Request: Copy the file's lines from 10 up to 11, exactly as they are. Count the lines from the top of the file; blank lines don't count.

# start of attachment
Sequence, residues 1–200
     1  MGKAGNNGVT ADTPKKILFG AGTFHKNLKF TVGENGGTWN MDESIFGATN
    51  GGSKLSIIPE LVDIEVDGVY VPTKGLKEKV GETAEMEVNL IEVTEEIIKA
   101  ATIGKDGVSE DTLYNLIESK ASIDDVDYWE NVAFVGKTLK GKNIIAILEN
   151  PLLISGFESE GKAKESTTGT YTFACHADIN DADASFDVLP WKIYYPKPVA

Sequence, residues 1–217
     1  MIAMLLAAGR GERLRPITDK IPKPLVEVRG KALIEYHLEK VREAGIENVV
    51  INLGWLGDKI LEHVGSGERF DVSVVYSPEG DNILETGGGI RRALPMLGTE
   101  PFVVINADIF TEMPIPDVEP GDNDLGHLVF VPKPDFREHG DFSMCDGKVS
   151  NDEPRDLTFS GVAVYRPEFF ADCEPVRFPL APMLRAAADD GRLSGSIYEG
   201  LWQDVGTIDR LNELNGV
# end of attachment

   151  NDEPRDLTFS GVAVYRPEFF ADCEPVRFPL APMLRAAADD GRLSGSIYEG
   201  LWQDVGTIDR LNELNGV